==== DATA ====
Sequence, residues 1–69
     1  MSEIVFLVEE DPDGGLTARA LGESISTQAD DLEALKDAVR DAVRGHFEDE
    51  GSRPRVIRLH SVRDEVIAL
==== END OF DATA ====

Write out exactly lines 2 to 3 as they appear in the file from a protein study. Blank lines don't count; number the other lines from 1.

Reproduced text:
     1  MSEIVFLVEE DPDGGLTARA LGESISTQAD DLEALKDAVR DAVRGHFEDE
    51  GSRPRVIRLH SVRDEVIAL